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78th Anniversary of Butch O’Hare’s daring attack against superior numbers and more…

21 February 2020

Edward “Butch” O’Hare—78 years ago this week—without hesitation braved superior numbers and destroyed five Japanese bombers by using his excellent marksmanship (~60 rounds/aircraft). Mickeen Hogan, only a year from voting age, has in intense interest in the PTO aspect of World War II—studiously analyzing every detail as well as making interpretive 1:700 scale models and dioramas. What follows is a topical essay on the past as well as the potential historic (i.e., Class I and Class II) aircraft recoveries.


USS Lexington (CV-2 ) and Her Treasures—Mickeen Hogan

Mickeen Hogan’s 1:700 diorama of the USS Lexington (CV-2) underway early in World War Two—image courtesy Mickeen Hogan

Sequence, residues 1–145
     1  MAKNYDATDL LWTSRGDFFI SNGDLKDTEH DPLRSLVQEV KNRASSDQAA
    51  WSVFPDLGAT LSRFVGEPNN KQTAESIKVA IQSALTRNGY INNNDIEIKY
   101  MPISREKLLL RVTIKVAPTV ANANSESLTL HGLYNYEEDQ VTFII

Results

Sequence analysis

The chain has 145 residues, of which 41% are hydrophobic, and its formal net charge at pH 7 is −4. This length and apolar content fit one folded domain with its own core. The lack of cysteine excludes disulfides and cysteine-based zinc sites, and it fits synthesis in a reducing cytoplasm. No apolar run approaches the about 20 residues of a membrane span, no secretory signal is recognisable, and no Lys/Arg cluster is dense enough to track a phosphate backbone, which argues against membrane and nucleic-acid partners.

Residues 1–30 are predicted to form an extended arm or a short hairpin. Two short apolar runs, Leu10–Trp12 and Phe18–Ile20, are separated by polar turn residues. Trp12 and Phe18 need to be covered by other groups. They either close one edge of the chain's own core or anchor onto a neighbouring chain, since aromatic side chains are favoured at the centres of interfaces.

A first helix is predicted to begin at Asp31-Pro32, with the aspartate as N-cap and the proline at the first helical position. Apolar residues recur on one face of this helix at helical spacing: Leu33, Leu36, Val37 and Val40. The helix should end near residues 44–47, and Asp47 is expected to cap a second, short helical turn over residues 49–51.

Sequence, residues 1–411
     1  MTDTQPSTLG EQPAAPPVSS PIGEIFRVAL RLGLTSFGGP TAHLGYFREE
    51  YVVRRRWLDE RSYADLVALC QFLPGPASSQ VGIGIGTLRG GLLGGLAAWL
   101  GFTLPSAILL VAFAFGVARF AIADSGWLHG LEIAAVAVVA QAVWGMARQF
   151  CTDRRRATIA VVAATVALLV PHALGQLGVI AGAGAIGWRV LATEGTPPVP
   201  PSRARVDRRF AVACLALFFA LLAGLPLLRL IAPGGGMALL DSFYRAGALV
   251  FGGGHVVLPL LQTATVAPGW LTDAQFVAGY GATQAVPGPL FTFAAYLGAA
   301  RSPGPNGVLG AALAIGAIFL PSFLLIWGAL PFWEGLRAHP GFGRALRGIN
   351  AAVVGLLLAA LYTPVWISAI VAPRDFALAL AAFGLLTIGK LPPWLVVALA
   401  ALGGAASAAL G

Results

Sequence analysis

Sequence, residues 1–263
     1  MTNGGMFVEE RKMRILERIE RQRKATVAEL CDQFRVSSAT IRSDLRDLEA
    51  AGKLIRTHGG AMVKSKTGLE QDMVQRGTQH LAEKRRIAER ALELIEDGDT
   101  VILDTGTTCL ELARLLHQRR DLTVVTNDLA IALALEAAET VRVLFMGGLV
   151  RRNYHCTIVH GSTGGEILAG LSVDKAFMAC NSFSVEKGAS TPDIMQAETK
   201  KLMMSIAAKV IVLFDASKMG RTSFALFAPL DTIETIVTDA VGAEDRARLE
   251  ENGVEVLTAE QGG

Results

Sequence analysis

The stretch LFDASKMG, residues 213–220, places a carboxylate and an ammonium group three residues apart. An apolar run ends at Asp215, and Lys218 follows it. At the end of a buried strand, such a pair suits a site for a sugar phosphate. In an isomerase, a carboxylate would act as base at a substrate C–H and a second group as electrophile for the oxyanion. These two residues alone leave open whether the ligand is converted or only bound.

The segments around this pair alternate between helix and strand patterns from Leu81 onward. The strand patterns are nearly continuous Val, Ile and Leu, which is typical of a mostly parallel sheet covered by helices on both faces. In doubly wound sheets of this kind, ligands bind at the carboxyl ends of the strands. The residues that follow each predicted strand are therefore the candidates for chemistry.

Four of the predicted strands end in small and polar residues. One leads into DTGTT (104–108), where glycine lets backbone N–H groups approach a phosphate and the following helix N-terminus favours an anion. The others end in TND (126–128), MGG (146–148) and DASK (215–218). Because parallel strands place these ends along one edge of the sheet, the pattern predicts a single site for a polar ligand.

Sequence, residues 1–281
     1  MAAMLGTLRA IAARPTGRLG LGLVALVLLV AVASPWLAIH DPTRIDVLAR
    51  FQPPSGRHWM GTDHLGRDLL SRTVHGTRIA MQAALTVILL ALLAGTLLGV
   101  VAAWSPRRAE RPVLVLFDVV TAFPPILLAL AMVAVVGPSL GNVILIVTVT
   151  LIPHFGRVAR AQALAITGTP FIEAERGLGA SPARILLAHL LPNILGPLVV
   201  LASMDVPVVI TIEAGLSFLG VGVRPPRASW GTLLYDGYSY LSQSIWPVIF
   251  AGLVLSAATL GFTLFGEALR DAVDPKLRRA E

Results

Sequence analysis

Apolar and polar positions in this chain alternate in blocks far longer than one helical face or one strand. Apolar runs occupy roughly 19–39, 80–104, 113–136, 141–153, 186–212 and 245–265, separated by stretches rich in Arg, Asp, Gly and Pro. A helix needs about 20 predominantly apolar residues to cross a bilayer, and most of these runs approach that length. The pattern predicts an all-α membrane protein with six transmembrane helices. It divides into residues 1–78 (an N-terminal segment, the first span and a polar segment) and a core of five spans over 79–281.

Resting on the bottom of the Coral Sea—nearly 10,000 deep–rests a sunken U.S. Navy aircraft carrier, the USS Lexington. Near the ship are several airplanes that sank with her which are rare and historic. These planes are F4F Wildcats, SBD Dauntlesses, and TBD Devastators. A Wildcat found near Lexington has more history in it than most people realize. On Feb 20,1942 this Wildcat, BuNo. 3986 wearing side code “White F-13”, was launched on a mission to defend the Lexington. It was flown by pilots Leon Haynes and John Thach on that same day. Combined, they shot down a bomber and assisted in downing another bomber as well as a patrol plane that day. While Thach and his squadron were busy dealing with the first wave, a second wave was detected. Edward “Butch” O’Hare and his wingman, Marion Dufilho, were sent out to intercept them. Before Dufilho was able to fire a shot, his guns jammed. Despite being outnumbered, Butch O’Hare—flying F4F Wildcat BuNo. 4031 “White F-15”—attacked the bomber formation and shot down five of the bombers, making O’Hare the Navy’s first ace of World War II. Later in April 1942, this aircraft was flown by Butch O’Hare in a photoshoot with squadron commander John Thach who was flying F4F-3A Wildcat BuNo. 3976 “White F-1” and who would come to invent the “Thach Weave” to defeat enemy Japanese Zeros. After this photoshoot, this Wildcat was assigned to future Admiral Noel Gayler, who along with Clarence Dickinson would become the first to win three Navy Crosses. It also received a new side code “White F-5” and was transferred to Fighting Squadron 2 along with Noel Gayler. White F-5 was flown in combat during the Battle of the Coral Sea by Noel Gayler and Albert “Scoop” Vorse. When it was low on fuel, it landed on the Lexington on May 8 but due to the fires on Lexington was not able to take off and so sank with the ship. Decades later, F4F-3A BuNo. 3986 was found near the Lexington, and Noel Gayler’s name, which had been stenciled under the cockpit in 1942, was still visible under the cockpit.